Craig Francis

Navigation Bars

Used on most websites, usually providing a consistent method of moving around and for identifying the current location within the website, navigation bars are seen as a backbone, allowing visitors to navigate quickly to different parts of the website and also provide a lifeline if visitors get lost.

Good navigation bars tend to be dull and boring, as people rarely visit websites just to use the navigation system. It should be so boring, that the user does not spend any time looking at it, until they actually need it. Then when they do need it, the navigation bar should be easy to identify and should not create any questions in the visitors mind about how they use it.


Sometimes a tiny bit of animation can be a nice touch, but it will probably be a waste the website authors time. In most cases, animation should not exist. Take for example a navigation bar that animates its way onto the webpage when the page loads, it might be all right the first time, but on the second, third... fiftieth time it will get annoying, more so when website visitors are trying to quickly jump between pages. Website visitors should not be expected to wait for the animation to finish before being able to use the navigation bar. Some websites use cookies to suppress the repeat animation, but in most cases it will be more reliable and useful to remove the animation.

However, it is possible to animate the interaction with the navigation bar, but why waste the time doing it? Website visitors are not going to thank the author for doing it, if anything, having a navigation bar that expands using an "interesting" animation means the user will have to wait at least another second before it finishes, that's another second where the visitor is getting impatient. Although, on some websites having a navigation bar that did have to expand to show more links, it might give a more professional finish with a little slide... if this is the case it should not take any longer than 0.4 seconds to get it over and done with - this is based on the human reaction time of 0.1 second.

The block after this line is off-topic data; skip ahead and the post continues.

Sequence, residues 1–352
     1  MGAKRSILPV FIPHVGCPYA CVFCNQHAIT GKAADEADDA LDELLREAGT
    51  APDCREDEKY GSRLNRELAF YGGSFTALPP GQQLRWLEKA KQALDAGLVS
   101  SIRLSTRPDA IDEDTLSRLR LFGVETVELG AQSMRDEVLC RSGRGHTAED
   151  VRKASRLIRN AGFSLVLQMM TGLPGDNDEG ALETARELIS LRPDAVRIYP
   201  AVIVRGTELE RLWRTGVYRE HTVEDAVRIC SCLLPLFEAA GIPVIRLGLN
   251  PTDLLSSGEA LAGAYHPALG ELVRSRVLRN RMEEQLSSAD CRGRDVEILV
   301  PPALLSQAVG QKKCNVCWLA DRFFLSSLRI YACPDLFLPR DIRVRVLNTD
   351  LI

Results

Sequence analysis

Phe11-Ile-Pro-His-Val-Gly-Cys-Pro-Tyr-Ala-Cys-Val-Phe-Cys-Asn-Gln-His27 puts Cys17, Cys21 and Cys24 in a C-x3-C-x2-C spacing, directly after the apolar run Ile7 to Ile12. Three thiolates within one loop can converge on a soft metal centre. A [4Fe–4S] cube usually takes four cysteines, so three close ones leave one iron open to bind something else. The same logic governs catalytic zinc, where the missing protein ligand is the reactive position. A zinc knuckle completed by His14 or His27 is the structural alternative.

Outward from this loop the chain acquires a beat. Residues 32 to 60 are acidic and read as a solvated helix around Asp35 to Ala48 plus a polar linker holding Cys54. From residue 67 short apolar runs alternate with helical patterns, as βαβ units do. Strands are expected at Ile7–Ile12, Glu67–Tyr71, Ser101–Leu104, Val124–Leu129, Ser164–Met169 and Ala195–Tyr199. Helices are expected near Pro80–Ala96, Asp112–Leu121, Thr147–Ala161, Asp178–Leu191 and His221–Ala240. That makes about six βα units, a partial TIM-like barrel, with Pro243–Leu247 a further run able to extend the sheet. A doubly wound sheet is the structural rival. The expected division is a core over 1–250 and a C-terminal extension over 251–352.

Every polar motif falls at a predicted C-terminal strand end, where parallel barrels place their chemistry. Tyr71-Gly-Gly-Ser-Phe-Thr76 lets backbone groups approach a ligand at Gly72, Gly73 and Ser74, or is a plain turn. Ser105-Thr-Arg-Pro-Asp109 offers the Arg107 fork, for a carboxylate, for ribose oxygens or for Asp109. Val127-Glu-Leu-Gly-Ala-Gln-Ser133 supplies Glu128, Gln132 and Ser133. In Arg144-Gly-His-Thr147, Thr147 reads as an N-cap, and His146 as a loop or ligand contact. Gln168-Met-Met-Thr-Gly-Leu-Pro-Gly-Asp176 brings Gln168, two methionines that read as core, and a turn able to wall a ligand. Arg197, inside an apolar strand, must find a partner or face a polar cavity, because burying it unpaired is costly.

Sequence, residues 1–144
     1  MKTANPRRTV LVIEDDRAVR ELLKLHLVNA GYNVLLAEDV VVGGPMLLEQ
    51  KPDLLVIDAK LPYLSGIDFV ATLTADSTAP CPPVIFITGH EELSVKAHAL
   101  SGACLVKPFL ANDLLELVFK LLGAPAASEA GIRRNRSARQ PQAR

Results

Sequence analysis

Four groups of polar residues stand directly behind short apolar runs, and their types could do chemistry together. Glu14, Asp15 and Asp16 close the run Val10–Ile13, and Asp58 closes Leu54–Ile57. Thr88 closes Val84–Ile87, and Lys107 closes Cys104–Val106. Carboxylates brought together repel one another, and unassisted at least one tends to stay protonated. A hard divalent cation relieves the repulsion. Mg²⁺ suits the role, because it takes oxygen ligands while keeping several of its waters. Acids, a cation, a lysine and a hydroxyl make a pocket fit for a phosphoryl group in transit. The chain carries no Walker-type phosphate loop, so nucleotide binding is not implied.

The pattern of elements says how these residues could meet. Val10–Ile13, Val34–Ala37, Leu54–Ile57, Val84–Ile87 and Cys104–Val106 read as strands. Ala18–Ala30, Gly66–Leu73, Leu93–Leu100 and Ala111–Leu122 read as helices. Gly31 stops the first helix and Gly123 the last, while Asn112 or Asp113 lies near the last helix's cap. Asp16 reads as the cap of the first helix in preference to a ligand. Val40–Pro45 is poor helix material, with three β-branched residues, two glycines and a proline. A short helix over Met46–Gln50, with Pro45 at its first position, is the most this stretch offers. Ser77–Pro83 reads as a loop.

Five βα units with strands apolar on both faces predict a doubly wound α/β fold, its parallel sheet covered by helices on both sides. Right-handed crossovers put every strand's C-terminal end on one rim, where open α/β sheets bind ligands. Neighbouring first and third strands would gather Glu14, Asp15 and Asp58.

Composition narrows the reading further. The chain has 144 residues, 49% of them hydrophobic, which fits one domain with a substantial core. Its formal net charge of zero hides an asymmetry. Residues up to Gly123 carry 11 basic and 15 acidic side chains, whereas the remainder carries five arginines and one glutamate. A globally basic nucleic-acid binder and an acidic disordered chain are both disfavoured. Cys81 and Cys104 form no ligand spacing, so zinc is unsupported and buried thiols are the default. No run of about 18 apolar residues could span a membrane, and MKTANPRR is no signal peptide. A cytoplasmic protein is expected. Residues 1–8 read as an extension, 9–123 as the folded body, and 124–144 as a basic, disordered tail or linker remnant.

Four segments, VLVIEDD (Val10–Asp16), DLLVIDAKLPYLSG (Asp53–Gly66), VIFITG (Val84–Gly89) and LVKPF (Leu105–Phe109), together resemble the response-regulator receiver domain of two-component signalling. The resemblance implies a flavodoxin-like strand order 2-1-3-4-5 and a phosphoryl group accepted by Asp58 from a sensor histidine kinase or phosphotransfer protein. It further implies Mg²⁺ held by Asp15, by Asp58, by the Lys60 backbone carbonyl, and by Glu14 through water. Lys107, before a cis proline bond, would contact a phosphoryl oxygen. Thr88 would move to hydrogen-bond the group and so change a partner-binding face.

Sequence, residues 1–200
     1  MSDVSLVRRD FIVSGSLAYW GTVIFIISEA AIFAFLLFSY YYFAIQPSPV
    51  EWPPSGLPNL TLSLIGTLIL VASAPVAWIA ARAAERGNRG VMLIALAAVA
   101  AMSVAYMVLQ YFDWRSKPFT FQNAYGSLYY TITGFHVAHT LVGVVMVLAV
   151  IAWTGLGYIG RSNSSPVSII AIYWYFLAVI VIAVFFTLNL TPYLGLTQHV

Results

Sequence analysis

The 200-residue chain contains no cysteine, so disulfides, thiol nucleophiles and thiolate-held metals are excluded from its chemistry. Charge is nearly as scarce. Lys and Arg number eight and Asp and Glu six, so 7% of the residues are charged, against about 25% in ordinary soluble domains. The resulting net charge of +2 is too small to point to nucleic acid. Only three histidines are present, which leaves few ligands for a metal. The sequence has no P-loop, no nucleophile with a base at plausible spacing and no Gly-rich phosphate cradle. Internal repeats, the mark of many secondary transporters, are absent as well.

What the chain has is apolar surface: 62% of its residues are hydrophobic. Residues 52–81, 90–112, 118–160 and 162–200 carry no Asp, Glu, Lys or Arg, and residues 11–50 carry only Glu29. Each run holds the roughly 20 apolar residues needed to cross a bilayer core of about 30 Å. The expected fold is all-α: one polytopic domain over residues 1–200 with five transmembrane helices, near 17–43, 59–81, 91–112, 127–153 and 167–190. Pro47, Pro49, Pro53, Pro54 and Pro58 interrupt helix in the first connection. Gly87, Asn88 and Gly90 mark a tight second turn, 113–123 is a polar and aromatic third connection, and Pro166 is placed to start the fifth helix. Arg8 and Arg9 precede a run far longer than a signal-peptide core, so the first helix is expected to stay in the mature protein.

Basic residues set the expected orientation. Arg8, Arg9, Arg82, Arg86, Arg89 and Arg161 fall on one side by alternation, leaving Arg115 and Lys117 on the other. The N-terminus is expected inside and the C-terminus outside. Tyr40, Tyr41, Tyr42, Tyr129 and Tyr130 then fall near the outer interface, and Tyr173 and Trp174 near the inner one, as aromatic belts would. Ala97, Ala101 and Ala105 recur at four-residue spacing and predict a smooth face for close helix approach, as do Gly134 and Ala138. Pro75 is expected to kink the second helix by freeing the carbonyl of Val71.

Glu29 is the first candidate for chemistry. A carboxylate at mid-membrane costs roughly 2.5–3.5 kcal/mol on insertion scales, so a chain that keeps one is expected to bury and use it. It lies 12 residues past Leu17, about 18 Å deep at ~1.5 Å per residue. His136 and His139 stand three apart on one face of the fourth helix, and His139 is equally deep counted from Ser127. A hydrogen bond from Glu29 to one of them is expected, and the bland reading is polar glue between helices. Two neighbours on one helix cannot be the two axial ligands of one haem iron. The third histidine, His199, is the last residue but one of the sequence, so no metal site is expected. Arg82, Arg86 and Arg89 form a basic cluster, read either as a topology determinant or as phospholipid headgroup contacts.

The easiest way to avoid unnecessary animation is to not use Flash. Ideally if animation has to be done, it should use unobtrusive JavaScript, which has the added bonus that if the user does not have Flash or JavaScript (like a search engine spider), they still get to use the navigation bar. From the view of a search engine spider, the navigation bar is an excellent way to access all pages on a website, if it cannot use the links, then in all probability it will not be able to index the whole website.


While jumping around a website, the navigation bar should be consistent. If it varies in position, size, style or how it works, then the visitor may start to question if they are still on the same website.

A very primitive test, which does not cover every situation, is that you should be able to use your mouse and click on a link in the navigation bar, when the next page loads, without moving the mouse, the same link should be present under the mouse. This does not cater for navigation bars that expand depending on the section the user is in, but in most cases it goes towards ensuring that the positioning of the navigation bar and size of the links remains consistent.

The current page

Some website authors believe that if an entry in the navigation bar links to the same page the user is on, then the entry should either be hidden or shown in plan text (not a link).